|EP0123388||1984-10-31||Water-in-wax emulsion blasting agent.|
The present invention relates to the art of blasting, and more particularly to a method for preparation of a water-in-oil type emulsion explosive, having a discontinuous hydrophilic oxidizer phase, containing oxidizing salts, dispersed in a continuous lipophilic fuel phase, containing combustible materials, and being sensitized by voids dispersed in the emulsion.
In the manufacture of this kind of explosives the introduction of the voids presents a number of problems. The size of the voids must be controlled, since too small voids are unable to locally ignite the fuel/oxidizer mixture while too large voids reduce either the number of ignition points or the energy concentration in the explosive as a whole. A homogeneous distribution of the voids is essential since local deficiencies may leave unreacted material after detonation and even cause a termination of the detonation wave if the unsensitized area is large. In general it also is necessary that void structure and distribution are stable over time and resistant to dead pressing and emulsion deformation. The void introduction process itself is complicated by the great component density difference. All these problems will be more pronounced in site manufacture of bulk explosives where condition control cannot reach factory standards, simpler mixing devices have to be used and safety requires late but rapid density reduction.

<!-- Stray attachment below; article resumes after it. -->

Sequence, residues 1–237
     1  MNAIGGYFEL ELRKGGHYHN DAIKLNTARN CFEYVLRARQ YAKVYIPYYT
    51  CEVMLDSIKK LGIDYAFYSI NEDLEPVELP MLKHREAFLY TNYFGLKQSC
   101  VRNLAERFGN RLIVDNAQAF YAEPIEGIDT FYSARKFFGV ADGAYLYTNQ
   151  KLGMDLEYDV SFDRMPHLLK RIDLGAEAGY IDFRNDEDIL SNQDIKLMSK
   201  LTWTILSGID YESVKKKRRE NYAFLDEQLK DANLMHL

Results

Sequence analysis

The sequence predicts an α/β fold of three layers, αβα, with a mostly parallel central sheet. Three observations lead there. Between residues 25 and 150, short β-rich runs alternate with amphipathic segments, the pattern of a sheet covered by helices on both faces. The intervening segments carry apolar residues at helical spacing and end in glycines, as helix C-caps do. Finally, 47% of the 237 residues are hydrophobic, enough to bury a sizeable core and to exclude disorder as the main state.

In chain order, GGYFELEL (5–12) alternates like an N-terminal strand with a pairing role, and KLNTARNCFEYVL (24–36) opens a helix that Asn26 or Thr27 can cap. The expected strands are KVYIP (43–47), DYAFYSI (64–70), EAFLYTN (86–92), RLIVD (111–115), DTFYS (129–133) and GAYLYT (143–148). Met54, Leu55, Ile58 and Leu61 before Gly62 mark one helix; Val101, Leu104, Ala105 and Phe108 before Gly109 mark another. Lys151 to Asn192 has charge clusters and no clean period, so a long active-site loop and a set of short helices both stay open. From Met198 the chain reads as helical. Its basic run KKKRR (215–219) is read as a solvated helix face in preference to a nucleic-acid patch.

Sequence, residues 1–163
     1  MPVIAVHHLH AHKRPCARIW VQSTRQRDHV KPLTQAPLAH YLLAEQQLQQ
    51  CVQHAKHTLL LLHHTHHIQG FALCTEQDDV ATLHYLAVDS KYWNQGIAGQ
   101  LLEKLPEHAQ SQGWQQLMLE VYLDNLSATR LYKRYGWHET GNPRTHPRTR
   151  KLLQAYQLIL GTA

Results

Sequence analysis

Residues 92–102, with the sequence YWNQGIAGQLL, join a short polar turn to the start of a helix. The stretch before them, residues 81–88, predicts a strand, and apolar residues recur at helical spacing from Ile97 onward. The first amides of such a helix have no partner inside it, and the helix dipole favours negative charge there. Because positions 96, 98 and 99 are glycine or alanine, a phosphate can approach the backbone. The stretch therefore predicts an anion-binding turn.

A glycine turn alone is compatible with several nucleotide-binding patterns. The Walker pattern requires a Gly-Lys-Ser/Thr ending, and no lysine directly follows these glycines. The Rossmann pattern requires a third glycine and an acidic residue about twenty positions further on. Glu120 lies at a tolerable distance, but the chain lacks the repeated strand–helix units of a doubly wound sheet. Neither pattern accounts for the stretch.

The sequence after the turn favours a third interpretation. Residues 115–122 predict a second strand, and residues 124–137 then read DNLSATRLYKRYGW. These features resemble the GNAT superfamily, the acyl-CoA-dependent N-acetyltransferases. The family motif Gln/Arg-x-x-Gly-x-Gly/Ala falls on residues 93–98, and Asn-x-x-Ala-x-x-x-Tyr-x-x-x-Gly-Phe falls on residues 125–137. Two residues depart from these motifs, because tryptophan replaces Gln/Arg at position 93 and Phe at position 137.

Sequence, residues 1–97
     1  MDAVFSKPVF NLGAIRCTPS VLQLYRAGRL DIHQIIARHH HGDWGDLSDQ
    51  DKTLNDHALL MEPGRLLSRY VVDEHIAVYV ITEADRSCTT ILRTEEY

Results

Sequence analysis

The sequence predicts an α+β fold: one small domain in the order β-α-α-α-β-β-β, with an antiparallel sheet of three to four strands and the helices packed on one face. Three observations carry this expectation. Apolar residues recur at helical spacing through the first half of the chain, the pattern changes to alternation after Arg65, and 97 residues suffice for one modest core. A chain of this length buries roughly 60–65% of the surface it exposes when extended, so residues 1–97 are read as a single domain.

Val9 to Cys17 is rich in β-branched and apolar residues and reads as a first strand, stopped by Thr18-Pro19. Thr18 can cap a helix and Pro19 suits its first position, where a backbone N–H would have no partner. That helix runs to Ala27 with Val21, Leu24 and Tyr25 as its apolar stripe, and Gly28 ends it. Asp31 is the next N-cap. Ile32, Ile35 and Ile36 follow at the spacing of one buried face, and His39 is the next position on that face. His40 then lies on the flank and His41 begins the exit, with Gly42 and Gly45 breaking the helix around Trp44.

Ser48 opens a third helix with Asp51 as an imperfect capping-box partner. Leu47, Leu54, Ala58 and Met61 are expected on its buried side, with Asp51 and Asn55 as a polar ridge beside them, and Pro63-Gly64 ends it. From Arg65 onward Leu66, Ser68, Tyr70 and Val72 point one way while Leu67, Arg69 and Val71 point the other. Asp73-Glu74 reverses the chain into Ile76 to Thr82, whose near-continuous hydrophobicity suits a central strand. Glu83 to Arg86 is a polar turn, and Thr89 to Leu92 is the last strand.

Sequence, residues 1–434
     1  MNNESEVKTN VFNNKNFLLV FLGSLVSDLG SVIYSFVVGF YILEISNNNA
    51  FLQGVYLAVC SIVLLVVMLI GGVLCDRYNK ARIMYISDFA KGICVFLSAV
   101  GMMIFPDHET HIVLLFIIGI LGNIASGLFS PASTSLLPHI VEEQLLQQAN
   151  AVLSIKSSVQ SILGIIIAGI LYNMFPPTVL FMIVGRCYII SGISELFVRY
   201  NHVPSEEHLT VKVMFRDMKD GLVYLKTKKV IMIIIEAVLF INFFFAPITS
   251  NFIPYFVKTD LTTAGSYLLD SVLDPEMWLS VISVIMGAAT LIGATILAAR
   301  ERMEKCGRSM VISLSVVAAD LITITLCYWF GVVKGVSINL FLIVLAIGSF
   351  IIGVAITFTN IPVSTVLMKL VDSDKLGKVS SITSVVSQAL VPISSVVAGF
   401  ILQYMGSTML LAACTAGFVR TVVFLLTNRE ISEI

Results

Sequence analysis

Several methods are known for introducing voids in emulsion explosives.
Air or other gases can be mechanically worked into the emulsion during or after its manufacture. It is difficult to disintegrate the gas into fine enough bubbles and simple mixing devices are generally not sufficient. Long term stability is affected by partial dissolution of the free gas, by coalescence of bubbles or by escape of gas, especially when working or deforming the emulsion.